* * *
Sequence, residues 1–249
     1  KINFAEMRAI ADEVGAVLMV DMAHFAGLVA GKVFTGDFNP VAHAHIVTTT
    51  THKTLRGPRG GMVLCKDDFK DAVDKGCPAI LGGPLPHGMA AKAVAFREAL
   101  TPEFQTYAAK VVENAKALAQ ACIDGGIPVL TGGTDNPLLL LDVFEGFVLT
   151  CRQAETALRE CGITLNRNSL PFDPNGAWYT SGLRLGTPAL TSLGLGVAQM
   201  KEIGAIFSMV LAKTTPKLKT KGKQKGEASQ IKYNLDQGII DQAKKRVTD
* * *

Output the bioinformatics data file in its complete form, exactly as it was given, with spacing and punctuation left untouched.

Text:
Sequence, residues 1–249
     1  KINFAEMRAI ADEVGAVLMV DMAHFAGLVA GKVFTGDFNP VAHAHIVTTT
    51  THKTLRGPRG GMVLCKDDFK DAVDKGCPAI LGGPLPHGMA AKAVAFREAL
   101  TPEFQTYAAK VVENAKALAQ ACIDGGIPVL TGGTDNPLLL LDVFEGFVLT
   151  CRQAETALRE CGITLNRNSL PFDPNGAWYT SGLRLGTPAL TSLGLGVAQM
   201  KEIGAIFSMV LAKTTPKLKT KGKQKGEASQ IKYNLDQGII DQAKKRVTD